Long an advocate of improved roadways in his state. D.B. McCrary returned to government service in 1937 when he was appointed by Governor Clyde Hoey as a member of the State Highway Commission. Named for a six-year term as commissioner for the sixth district, McCrary's office comprised the counties of Chatham, Davidson, Harnett, Hoke, Lee, Madison, Moore, Randolph, Robeson and Scotland. He would be reappointed to the commission by Governor J. Melville Broughton and on two occasions served as acting chairman of the commission, and "declined to accept the chairman's salary" during his time in that post. 

D.B. McCrary, from the January 10, 1943 North Wilkesboro Journal Patriot.

   McCrary's second stint as acting chairman extended from December 1942-December 10, 1943, when he resigned from the commission, citing "his duties at home and his own business affairs." Active in church work and philanthropy in Randolph County, McCrary was a leading financial booster in the development and completion of the Randolph Hospital. Upon his death in 1946 McCrary left a substantial bequest to the hospital for its expansion and upkeep and later was honored by having the D.B. McCrary wing named after him. Widowed in September 1944, Doctor Bulla McCrary survived his wife Allie by a little over two years, dying on October 28, 1946, at age 71. He was survived by his sons Charles and James and later was entombed at a mausoleum at the Asheboro City Cemetery. Political service would continue in the McCrary family with D.B. McCrary's son James Franklin, who was elected to two terms as mayor of Asheboro, serving from 1949-1953.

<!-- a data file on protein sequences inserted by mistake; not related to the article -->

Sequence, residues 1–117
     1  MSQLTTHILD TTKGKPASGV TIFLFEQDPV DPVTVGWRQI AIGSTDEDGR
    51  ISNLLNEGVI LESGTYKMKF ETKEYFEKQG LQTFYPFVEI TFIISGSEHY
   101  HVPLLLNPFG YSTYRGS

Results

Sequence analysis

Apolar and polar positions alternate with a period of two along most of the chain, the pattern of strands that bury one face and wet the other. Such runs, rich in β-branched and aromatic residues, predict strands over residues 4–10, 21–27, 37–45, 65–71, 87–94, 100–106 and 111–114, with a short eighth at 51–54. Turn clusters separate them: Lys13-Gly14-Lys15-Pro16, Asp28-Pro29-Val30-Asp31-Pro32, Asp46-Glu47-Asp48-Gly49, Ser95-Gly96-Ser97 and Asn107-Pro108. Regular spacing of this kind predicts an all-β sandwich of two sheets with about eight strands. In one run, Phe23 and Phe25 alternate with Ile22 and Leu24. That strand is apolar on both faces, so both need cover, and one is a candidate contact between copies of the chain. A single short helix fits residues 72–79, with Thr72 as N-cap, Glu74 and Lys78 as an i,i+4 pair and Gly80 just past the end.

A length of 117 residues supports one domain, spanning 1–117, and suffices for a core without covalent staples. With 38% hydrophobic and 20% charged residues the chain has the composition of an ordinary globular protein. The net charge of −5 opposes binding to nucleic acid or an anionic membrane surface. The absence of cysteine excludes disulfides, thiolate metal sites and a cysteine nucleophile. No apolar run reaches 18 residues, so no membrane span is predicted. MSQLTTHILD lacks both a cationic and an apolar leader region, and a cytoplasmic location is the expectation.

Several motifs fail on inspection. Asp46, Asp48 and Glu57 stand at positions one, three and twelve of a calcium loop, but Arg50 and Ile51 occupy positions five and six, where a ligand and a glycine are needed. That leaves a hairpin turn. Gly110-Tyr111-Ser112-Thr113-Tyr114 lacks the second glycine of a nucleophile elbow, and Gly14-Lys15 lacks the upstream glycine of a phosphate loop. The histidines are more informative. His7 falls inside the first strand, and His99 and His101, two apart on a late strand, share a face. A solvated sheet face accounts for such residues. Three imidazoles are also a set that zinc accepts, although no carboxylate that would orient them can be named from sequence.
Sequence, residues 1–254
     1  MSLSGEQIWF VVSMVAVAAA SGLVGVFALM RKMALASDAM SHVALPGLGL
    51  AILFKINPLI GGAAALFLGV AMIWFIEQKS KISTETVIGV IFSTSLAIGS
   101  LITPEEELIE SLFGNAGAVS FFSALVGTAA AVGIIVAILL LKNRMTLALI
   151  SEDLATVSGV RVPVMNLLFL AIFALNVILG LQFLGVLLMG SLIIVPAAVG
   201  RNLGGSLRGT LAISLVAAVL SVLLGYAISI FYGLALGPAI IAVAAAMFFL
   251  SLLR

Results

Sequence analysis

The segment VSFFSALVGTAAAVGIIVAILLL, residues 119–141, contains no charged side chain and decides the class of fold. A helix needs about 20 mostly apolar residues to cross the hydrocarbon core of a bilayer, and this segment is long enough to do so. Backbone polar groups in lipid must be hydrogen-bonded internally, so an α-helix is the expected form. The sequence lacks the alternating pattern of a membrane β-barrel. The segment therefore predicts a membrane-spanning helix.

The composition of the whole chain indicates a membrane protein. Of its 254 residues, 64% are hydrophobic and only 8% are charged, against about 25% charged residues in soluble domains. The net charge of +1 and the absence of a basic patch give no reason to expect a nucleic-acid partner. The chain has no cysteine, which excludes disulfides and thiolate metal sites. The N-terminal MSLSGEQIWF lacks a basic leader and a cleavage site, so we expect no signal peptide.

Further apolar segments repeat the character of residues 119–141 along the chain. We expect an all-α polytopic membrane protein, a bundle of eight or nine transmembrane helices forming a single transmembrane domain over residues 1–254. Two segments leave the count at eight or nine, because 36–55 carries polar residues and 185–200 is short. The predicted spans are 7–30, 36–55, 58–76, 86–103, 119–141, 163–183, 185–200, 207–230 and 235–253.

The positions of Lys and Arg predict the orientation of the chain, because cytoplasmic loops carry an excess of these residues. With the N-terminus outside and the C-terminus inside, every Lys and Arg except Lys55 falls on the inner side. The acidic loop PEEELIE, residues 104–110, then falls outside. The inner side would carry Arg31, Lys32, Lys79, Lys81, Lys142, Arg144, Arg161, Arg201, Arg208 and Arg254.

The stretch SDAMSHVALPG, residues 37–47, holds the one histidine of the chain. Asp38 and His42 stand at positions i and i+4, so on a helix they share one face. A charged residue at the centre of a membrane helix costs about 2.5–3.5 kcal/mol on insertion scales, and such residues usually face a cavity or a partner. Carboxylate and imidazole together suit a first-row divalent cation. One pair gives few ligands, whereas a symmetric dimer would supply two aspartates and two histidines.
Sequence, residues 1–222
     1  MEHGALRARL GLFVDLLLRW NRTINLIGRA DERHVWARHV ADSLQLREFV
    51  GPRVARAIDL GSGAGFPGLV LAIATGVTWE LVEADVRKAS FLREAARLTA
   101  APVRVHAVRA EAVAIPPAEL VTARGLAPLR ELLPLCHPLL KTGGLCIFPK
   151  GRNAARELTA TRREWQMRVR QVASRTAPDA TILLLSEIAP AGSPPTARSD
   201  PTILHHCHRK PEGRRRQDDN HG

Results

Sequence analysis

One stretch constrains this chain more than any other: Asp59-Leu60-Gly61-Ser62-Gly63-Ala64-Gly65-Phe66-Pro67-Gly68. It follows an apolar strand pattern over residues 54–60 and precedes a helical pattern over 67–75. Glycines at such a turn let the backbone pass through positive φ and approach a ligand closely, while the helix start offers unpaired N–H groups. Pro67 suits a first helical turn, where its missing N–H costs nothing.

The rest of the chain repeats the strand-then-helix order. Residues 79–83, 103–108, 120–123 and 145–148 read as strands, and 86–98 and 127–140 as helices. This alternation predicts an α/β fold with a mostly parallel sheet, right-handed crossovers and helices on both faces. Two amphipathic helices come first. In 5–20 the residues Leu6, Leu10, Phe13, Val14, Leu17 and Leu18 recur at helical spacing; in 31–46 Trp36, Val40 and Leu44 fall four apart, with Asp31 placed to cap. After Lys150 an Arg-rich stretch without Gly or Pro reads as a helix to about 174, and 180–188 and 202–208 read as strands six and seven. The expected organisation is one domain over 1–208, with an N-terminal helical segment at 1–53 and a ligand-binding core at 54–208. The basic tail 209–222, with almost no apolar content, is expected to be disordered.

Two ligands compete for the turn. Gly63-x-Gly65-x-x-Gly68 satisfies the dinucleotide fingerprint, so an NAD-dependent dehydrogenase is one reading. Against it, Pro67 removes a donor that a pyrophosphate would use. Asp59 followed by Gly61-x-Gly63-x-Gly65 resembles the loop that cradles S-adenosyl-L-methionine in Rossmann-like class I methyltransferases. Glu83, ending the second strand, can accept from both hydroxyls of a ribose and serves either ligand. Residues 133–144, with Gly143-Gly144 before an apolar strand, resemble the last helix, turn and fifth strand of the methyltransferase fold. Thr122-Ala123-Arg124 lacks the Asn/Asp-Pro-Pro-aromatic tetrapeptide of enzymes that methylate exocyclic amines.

From the Raeford News Journal, October 31, 1946.

From the 1921-22 Missouri Blue Book.